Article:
An interesting article in the Independent. The UK and US ally Saudi Arabia is a destabilizing force in the Middle East according to a report by German intelligence. Saudi defence minister and Deputy Crown Prince Mohammed bin Salman – the powerful 29-year-old favourite son of the ageing King Salmani is a political gambler who is destabilising the Arab world through proxy wars in Yemen and Syria. There is also a sense that Prince Mohammed is an inexperienced gambler who is likely to double his stake when his bets fail. This is the very opposite of past Saudi rulers, who had always preferred, so to speak, to bet on all the horses. It is a measure of the concern in the BND that the memo should be so openly and widely distributed. The BND warns that Saudi Arabia has become an unpredictable wild card.
The BND lists the areas in which Saudi Arabia is adopting a more aggressive and warlike policy. In Syria, in early 2015, it supported the creation of The Army of Conquest, primarily made up of the al-Qaeda affiliate the al-Nusra Front and the ideologically similar Ahrar al-Sham, which won a series of victories against the Syrian Army in Idlib province. In Yemen, it began an air war directed against the Houthi movement and the Yemeni army, which shows no sign of ending. Among those who gain are al-Qaeda in the Arabian peninsula, which the US has been fruitlessly trying to weaken for years by drone strikes.
None of these foreign adventures initiated by Prince Mohammed have been successful or are likely to be so, but they have won support for him at home. The BND warned that the concentration of so much power in his hands “harbours a latent risk that in seeking to establish himself in the line of succession in his father’s lifetime, he may overreach”.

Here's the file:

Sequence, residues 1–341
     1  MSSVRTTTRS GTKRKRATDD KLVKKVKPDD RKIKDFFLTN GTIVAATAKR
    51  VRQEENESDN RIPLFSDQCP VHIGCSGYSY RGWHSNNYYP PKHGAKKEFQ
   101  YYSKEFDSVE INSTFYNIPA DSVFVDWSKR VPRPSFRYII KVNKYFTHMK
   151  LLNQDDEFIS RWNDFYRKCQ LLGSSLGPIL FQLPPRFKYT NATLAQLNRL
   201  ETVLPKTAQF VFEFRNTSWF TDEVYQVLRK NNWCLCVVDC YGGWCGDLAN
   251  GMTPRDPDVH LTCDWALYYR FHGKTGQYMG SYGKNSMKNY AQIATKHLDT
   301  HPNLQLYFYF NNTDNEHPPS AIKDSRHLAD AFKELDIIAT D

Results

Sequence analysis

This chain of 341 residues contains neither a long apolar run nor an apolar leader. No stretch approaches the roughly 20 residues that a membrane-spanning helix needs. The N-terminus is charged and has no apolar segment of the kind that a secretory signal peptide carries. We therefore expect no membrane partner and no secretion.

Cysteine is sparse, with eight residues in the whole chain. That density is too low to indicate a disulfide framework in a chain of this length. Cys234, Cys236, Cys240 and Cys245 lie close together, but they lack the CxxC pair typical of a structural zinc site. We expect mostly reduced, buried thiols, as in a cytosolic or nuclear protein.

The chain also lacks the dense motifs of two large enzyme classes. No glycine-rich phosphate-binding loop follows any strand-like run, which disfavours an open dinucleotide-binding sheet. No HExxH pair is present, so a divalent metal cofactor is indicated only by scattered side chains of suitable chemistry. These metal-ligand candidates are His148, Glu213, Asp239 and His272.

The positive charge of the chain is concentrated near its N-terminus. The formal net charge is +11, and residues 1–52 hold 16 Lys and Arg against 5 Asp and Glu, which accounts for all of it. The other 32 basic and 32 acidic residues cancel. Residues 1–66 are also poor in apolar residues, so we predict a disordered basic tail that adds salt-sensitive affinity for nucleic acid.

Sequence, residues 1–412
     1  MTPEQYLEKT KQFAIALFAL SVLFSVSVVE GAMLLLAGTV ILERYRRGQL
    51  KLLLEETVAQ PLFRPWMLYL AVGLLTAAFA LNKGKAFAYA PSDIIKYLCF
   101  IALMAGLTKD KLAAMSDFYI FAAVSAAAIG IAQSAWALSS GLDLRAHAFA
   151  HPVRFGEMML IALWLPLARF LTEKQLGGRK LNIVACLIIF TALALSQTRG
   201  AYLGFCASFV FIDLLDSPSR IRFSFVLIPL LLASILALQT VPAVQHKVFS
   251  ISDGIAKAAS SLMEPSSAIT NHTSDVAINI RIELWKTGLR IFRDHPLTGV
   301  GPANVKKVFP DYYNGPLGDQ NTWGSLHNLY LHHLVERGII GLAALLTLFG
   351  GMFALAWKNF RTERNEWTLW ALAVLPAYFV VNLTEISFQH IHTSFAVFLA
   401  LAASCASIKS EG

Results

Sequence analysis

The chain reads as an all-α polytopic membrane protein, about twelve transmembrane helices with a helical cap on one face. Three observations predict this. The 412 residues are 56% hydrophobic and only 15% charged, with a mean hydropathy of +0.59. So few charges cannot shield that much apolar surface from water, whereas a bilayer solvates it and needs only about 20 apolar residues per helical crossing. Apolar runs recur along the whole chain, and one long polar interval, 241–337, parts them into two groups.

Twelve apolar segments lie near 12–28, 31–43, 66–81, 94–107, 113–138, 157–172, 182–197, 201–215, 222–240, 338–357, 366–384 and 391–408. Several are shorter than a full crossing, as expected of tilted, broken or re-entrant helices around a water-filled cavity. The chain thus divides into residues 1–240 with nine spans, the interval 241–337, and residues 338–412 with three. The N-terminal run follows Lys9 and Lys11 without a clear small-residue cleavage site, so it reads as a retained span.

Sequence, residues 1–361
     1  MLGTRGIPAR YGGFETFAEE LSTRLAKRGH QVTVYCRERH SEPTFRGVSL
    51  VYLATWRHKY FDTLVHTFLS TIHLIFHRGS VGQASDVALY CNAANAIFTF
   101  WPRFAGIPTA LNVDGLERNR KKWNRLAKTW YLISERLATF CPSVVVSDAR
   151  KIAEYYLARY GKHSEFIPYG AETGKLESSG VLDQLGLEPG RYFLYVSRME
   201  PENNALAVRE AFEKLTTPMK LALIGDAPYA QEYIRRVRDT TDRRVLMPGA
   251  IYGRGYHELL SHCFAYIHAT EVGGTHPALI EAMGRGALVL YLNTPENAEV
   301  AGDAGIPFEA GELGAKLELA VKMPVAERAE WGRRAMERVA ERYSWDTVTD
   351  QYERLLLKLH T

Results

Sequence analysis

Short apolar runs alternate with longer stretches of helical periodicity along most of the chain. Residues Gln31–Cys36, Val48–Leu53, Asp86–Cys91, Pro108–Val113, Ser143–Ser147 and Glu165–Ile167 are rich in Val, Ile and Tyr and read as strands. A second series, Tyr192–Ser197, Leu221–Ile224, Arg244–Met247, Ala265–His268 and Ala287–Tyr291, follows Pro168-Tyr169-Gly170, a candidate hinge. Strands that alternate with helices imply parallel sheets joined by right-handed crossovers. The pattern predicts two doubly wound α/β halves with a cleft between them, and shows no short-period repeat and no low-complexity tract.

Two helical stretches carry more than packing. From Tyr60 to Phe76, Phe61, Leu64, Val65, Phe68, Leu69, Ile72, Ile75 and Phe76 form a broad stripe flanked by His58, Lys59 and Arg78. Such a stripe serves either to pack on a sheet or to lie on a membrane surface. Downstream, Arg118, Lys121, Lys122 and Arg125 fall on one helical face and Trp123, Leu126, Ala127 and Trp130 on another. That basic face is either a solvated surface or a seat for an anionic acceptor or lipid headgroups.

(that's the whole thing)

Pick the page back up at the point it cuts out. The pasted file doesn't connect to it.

At every stage in the confrontation with Iran over the past week Riyadh has raised the stakes. The attack on the Saudi embassy in Tehran and its consulate in Mashhad might not have been expected but the Saudis did not have to break off diplomatic relations. Then there was the air strike that the Iranians allege damaged their embassy in Sana’a, the capital of Yemen. There are signs of the Saudi leadership deliberately increasing the political temperature by putting four Iranians on trial, one for espionage and three for terrorism. The four had been in prison in Saudi Arabia since 2013 or 2014 so there was no reason to try them now, other than antagonize Iran.
A main reason for Saudi Arabia acting unilaterally is its disappointment that the US reached an agreement with Iran over Tehran’s nuclear programme. Again this looks naive: close alliance with the US is the prime reason why the Saudi monarchy has survived nationalist and socialist challengers since the 1930s. Aside from the Saudis’ money and close alliance with the US, leaders in the Middle East have always doubted that the Saudi state has much operational capacity. This is true of all the big oil producers, whatever their ideological make-up. Experience shows that vast oil wealth encourages autocracy, whether it is in Saudi Arabia, Iraq, Libya or Kuwait, but it also produces states that are weaker than they look, with incapable administrations and dysfunctional armies.
This is the second area in which Prince Mohammed’s interview suggests nothing but trouble for the Saudi royal family. He suggests austerity and market reforms in the Kingdom, but in the context of Middle East autocracies and particularly oil states this breaches an unspoken social contract with the general population. People may not have political liberty, but they get a share in oil revenues through government jobs and subsidised fuel, food, housing and other benefits. Greater privatisation and supposed reliance on the market, with no accountability or fair legal system, means a licence to plunder by those with political power. This was one of the reasons for the uprising in 2011 against Bashar al-Assad in Syria and Muammar Gaddafi in Libya. So-called reforms that erode an unwieldy but effective patronage machine end up by benefiting only the elite.